updated 01:10 am EDT, Wed June 18, 2014
Notes that alleged 5.5-inch future iPhone noticeably taller than Galaxy Note 3
A new YouTube video uses "dummy" mock-ups of the alleged 4.7- and 5.5-inch "iPhone 6" models to compare the sizes in context to the current iPhone 5s, which offers a four-inch screen. While the mockup models have been frequently seen elsewhere, only rarely have they been shown next to other existing iPhone or competitor models to give a proper sense of size. The video compares the alleged "future" iPhones both to the existing iPhone 5s, as well as some of the larger phones' competitors.
The video was created by TechSmartt, and notes that the 5.5-inch iPhone dummy is larger -- mostly due to the design of the iPhone 5s, which has just been made bigger for the mockups -- than either the Samsung Galaxy Note 3 or LG's G3, both of which are considered to be on the upper end of phablet sizes. Though it is quite possible (and not unprecedented) for the dummies to be inaccurate -- made by case manufacturers to try and get a jump on competitors by best-guessing the likely dimensions of the next iPhone models -- if one assumes that the mockups are indeed genuine, then Apple would move to the top of the class in oversize phones. Rumors have the company allegedly planning to bring out the 5.5-inch model shortly after the initial 4.7-inch version, but still ahead of the holiday buying season.
Even the video makers themselves express doubt that the 5.5-inch model is legitimate, noting that it is too large to be used with one hand, even for larger-handed people -- a selling point for the iPhone that Apple has repeatedly brought up when defending its decision not to produce "phablets." While there is "wiggle room" for a future iPhone to be somewhat wider and taller, a truly oversized iPhone like the 5.5-inch model would draw considerable criticism unless there was a compelling reason or feature that gave Apple cover for reversing its view on oversized phones.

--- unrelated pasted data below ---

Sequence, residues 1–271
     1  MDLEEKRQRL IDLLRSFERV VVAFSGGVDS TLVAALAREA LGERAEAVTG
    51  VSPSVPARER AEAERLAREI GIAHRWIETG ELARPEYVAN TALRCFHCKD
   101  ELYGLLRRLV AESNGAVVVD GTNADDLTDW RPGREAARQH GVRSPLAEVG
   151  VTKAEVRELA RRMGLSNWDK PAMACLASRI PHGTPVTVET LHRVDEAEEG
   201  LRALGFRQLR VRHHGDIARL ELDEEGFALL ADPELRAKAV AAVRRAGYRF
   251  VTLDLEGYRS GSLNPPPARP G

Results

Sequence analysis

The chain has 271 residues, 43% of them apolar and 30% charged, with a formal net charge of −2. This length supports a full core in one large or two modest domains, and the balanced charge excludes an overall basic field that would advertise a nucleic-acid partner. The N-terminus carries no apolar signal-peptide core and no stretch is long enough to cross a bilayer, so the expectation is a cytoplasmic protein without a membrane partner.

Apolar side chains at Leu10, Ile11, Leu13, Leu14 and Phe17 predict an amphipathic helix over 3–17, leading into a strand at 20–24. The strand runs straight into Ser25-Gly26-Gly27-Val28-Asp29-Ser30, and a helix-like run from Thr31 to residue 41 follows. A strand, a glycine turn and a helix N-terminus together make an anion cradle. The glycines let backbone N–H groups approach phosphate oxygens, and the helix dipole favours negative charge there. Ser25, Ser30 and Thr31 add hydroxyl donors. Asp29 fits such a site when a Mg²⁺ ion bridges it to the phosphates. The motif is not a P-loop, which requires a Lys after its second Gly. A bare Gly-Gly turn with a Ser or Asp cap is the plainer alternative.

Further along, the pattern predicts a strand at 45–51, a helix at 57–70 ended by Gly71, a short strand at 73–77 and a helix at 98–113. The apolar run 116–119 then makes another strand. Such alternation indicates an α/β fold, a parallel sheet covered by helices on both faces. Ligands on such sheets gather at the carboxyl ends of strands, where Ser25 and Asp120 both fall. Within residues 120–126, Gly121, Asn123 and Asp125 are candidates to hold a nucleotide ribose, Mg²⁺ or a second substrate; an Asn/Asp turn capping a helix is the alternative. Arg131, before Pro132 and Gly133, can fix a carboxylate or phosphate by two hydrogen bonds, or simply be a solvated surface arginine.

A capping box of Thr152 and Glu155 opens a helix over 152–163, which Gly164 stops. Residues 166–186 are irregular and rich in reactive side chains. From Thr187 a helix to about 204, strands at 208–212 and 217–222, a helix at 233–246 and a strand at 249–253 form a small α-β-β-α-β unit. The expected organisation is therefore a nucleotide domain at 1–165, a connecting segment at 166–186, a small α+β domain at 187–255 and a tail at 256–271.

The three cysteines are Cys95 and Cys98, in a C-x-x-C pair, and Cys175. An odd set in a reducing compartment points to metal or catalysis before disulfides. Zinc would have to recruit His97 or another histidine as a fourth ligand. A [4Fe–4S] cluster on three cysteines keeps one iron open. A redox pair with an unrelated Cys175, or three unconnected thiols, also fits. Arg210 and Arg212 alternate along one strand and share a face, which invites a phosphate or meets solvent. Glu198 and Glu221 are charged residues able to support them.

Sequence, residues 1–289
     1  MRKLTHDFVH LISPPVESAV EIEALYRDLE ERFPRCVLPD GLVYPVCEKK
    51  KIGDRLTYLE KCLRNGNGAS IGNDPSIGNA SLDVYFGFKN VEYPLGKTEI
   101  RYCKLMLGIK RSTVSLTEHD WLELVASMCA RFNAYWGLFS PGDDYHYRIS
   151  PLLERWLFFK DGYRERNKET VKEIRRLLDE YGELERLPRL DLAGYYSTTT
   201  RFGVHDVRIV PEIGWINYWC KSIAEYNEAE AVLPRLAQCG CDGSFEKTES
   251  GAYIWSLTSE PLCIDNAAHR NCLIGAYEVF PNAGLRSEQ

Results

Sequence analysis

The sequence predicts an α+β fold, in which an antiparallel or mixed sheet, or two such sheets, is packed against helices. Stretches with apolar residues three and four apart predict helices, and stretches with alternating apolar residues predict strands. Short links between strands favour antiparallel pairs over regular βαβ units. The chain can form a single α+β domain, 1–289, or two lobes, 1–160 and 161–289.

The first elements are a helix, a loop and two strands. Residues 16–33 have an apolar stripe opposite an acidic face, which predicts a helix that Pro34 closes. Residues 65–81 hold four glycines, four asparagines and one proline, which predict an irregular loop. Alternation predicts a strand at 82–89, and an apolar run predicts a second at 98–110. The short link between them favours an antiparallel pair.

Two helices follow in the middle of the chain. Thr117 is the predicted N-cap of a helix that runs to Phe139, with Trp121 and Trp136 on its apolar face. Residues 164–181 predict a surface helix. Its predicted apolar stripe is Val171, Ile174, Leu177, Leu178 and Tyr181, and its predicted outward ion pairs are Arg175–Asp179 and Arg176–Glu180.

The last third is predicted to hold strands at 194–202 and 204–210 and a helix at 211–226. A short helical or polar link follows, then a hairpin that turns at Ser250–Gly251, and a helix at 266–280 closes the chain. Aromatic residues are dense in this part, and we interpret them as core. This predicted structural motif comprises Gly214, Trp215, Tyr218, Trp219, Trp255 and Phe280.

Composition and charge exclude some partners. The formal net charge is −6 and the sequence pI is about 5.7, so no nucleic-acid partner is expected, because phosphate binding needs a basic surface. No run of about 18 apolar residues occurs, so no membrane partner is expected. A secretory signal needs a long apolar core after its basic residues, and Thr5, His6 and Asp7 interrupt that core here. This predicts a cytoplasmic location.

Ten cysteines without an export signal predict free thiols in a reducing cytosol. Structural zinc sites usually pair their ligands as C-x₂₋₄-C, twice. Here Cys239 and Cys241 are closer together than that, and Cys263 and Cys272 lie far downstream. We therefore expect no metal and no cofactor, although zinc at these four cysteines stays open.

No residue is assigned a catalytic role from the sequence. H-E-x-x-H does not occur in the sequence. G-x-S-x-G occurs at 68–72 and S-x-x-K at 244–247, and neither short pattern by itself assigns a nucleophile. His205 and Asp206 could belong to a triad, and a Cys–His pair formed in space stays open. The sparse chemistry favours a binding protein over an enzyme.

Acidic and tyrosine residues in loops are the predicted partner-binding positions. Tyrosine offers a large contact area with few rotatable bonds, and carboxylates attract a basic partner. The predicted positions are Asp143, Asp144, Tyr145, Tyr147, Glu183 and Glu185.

The video also appears to show that the mockups (which are identical to each other apart from size) are slightly thinner than the curved LG G3 or Galaxy Note 3, but the larger of the dummy iPhones appears to take up a great deal of height to accommodate the Touch ID bezel (since it is just a scaled-larger version of the 4.7-inch model), which seems to be unlikely for Apple to actually do. Skeptics have also pointed out that the iPhone mockups have rear cameras that jut out slightly, and that the bevels on the top and bottom of the device are asymmetrical, and that no internal parts for a 5.5-inch iPhone have yet leaked -- all of which seems out of character for a forthcoming Apple device.
The host of the video notes that in his opinion, the 5.5-inch model would require a stylus to operate smoothly, just as most other phablets do -- making this even less likely to come to market, as Apple (and in particular former CEO Steve Jobs) has frequently pointed to the need for styluses as evidence of bad UI design. Although Apple itself sells third-party styluses for the iPhone and iPad on its online store, they are intended for use with apps where the benefit is obvious, such as drawing programs, rather than for general use. The company would have to make a considerable PR effort to successfully backtrack from its staked-out position that if a smartphone requires a stylus, it is a failure.